As everyone has been stuck inside for a while now, we decided to create a Google Form to see how TGS' students and educators are doing in general, and what tips they have for coping with the situation.
We began with a word cloud - describe social distancing in one word.
What's a funny/sad story or moment that you'd like to share with everyone? Or how/what have you been doing in general?
I have learned that I am the laziest man in the universe.
I've spent muchos muchos hours with my daughter, which has been nice. Very appreciative that the weather has been so nice and we can spend a lot of time outside. Her basketball skills are improving!
I am fortunate to live in an area that has some nice walking routes - the nearby golf course has allowed walkers to use their paved walking paths so there is some nice green scenery. There are many more people out walking at all times of the day than would normally be out and about; I see older couples walking with hands held, siblings talking animatedly with arms waving, and quite a few more dog walkers with a huge variety of breeds and temperamented dogs. As we step off the sidewalk to skirt around each other there is always a rueful meeting of eyes and a smile acknowledging that we are tolerating this set of constraints together. My wish for the world is that we could have this collective unity and will for action against the other pressing issues we face such as climate change. #thereisnoplanetB
Having a little pond/pool in my garden has made life a lot more manageable when I can just pretend it’s summer like I was a little kid again and could ignore real life and focus on silly things.
My dog's hips are getting stiff with age, and sometimes when he's been lying down for a long time and tries to get up he finds himself unable to and yelps hysterically. He used to be much more limber.
Quarantine is the opportunity for us to reevaluate our priorities as a society and to think about what truly matters in our lives. For me, it has taught me the value of a simple hug, it has taught me to be grateful for the people around me and that you should never take any moment spent with people you care about for granted.
On March 4th, when we were on a bus getting back from the Patagonia hike, after twelve days without hearing any news, I asked one of my colleagues, just to start a conversation: "Do you think something's important's happened in those twelve days?". She said no. Arguing that nothing really in the weeks before the hike, so probably it just remained like that. She convinced me. When we got back to the base, I opened my e-mail and saw the e-mail describing the possibility of canceling the Italy term. I did not understand; when we went for the hike, there were only two cases there, and now it was the European epicenter of the virus, with 3000 cases. But I wasn't much concerned. I was sure that things were going to be sorted out soon, because that's how things work, right?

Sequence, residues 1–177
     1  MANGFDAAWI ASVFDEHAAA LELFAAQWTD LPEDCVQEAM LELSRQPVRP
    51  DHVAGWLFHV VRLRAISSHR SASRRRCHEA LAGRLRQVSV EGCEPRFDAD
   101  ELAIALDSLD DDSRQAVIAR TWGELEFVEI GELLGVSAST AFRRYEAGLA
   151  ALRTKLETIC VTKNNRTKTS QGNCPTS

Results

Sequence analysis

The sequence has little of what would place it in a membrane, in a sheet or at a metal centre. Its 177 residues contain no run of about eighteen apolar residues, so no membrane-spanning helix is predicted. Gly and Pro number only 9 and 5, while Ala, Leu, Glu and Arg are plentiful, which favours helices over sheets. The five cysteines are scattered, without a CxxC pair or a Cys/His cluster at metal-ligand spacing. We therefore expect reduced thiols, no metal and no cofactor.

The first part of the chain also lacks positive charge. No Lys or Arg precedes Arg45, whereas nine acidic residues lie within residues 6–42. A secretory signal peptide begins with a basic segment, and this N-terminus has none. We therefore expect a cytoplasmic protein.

Anything encouraging you want to say to TGS people?/Tips for surviving quarantine?
It's not a bad life, it's a bad day.
It's okay to not feel/be okay.
Start baking sourdough bread.
Try Yoga with Adriene! https://www.youtube.com/user/yogawithadriene. She combines mindfulness with a playful and welcoming set of yoga movements. Mindful breathing has always been something that helps me - making it a part of your daily routine (at the start of your day, before starting a work session, before a run...), my favorite is box breathing - not just because it is a Navy Seal technique (just say'in). I like to challenge myself to slow/extend each part of the process....
Sometimes prolonged solitude can teach you about discipline and self-awareness - it forces you to spend time in the company of your own mind, after all - and this can be extremely beneficial for mental health if you use it in the right ways. Solitude does not have to be a bad thing.
Even though we might be far apart, we're still lucky to be part of such a wonderful community. Brighter days are ahead (literally -- summer is almost here!).
Stay busy and pick up some hobbies.
Think of quarantine as being a dog with work. You have a home, food and people who love you-that’s all you really need, but you also can’t get board because of all the work you must finish.
"Learning is not compulsory... neither is survival." - W. Edwards Deming.
The only way we can all survive this, is by staying connected with one another. Social distancing does not mean you can't socialize. See the positives and take this as an opportunity to do the things you enjoy and don't get to do often - be it learning a new language, baking, or relaxing and watching your favorite tv show. And please stay safe and wash your hands :)
Face Time your friends and family.
Additionally, everyone had the chance to send pictures of what they've been up to. Educator Chelle sent several - it seems like she's been enjoying spending quality time with her grandson Harrison, running, and... posing near Buckingham Palace? Probably just taking a virtual tour, because she's currently safe at home. It seems like the virtual weather in England has been quite sunny, as she's thrown on a cool pair of sunglasses.